The three basic factors that underwriters look at, says Bill Harrison, managing director of Aon’s Crisis Management practice, are procurement, quality control, and crisis management. Where do ingredients, raw materials, or parts come from? What steps does the company take to ensure their quality? And is the company prepared to handle it if something untoward happens?
Triggers include malicious product tampering, accidental contamination, and product extortion. Depending on the industry, he adds, other triggers can include governmental recall–which is not available all over the world, just in certain countries–and adverse publicity.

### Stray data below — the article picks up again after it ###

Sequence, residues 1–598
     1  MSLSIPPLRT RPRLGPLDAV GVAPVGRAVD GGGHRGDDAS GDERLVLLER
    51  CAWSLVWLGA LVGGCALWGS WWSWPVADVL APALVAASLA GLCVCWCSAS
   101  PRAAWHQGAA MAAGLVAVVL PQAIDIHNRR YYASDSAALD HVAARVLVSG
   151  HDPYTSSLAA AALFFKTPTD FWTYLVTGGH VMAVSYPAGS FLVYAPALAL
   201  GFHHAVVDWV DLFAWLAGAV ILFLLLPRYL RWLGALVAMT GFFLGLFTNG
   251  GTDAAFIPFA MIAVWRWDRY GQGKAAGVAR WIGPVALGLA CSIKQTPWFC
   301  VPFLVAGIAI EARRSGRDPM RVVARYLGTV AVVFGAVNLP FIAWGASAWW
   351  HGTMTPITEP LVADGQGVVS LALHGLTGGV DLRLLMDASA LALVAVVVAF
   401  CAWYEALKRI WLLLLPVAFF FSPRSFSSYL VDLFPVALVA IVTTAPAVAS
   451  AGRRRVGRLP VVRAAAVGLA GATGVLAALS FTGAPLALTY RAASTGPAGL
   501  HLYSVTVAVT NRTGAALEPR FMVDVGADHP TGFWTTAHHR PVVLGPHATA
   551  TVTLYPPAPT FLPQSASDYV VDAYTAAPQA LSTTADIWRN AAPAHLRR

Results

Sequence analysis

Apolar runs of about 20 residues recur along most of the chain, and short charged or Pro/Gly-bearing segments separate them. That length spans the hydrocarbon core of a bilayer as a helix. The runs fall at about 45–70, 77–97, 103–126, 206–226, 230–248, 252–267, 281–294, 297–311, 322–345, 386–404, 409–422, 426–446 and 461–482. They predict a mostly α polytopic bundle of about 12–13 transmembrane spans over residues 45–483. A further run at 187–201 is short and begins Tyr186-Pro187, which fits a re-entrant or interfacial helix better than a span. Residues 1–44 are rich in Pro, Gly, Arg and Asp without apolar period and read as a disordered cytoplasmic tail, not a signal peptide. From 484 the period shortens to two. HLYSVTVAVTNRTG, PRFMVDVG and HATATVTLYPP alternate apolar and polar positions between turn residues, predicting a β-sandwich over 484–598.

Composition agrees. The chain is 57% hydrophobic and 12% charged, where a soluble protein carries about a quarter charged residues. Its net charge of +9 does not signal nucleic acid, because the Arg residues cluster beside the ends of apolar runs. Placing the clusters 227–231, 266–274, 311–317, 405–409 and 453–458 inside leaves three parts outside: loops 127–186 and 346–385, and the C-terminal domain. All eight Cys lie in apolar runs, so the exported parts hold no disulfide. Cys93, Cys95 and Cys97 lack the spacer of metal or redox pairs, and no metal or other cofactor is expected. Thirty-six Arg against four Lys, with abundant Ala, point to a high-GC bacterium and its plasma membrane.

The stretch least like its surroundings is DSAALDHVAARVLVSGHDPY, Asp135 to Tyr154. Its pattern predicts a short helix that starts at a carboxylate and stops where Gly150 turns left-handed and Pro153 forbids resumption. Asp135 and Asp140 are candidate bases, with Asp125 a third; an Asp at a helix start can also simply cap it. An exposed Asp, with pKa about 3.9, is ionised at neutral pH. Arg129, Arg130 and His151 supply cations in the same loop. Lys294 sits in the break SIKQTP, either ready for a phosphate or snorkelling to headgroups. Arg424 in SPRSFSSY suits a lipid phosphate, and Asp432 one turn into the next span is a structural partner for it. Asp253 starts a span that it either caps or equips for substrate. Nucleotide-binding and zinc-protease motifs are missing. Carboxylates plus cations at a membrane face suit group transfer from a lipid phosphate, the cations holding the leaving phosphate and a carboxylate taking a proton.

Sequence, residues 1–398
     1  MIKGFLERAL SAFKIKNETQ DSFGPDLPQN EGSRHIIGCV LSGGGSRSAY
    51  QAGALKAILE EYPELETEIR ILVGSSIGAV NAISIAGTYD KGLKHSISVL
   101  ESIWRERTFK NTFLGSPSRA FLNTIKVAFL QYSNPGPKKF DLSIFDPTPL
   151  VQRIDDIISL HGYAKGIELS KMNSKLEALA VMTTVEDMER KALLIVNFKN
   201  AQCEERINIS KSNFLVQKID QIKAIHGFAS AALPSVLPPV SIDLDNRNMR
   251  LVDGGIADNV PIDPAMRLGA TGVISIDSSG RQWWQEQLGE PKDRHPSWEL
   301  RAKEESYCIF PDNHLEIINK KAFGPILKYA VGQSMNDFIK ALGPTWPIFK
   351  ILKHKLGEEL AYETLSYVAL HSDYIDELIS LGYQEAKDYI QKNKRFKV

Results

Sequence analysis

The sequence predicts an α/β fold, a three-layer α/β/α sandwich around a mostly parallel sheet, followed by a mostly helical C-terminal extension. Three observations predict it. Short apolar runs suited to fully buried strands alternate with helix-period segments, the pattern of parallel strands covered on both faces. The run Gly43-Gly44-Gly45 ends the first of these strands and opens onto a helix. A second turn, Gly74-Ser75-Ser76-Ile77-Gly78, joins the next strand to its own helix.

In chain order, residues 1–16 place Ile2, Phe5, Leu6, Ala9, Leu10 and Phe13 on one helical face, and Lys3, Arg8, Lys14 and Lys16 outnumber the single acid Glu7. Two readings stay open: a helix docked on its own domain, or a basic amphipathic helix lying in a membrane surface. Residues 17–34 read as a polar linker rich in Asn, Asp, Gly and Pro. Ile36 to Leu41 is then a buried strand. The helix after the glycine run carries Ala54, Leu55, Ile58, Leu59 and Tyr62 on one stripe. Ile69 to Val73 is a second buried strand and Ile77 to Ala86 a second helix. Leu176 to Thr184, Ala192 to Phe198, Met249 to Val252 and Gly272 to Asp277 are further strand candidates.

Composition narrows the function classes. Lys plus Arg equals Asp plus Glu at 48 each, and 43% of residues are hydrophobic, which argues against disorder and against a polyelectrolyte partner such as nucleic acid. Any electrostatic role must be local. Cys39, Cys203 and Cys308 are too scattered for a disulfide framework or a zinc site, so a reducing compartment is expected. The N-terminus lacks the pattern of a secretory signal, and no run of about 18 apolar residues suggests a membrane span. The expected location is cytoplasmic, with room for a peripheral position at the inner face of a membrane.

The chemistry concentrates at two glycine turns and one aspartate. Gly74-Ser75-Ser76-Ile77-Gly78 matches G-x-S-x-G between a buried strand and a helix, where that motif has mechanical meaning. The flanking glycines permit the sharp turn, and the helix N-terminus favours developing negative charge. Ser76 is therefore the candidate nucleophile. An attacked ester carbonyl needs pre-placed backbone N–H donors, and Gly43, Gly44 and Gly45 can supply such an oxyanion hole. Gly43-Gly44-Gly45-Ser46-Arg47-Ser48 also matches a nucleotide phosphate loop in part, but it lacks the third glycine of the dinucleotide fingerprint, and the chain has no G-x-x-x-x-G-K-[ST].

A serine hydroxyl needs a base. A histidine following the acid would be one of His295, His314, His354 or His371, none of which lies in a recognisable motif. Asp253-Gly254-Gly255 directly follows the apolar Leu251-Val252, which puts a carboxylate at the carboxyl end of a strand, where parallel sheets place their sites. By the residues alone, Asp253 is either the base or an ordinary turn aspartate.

To estimate what level of coverage a client might need, Harrison suggests having an expert review a business interruption loss over a three- or six-month period of time, depending on the industry involved. How long might a business interruption last based on industry past experience? How much might business fall off? How long does it take to return to previous levels?
Also consider how much your client’s business spends on public relations and advertising annually. It might have to spend that much again to defend its name brand if something happens. All this can add up, of course, to “far beyond what the company can afford to buy,” but then, says Harrison, the next step is to obtain quotes for a variety of limits. The company buys what it can afford, and self-insures the rest.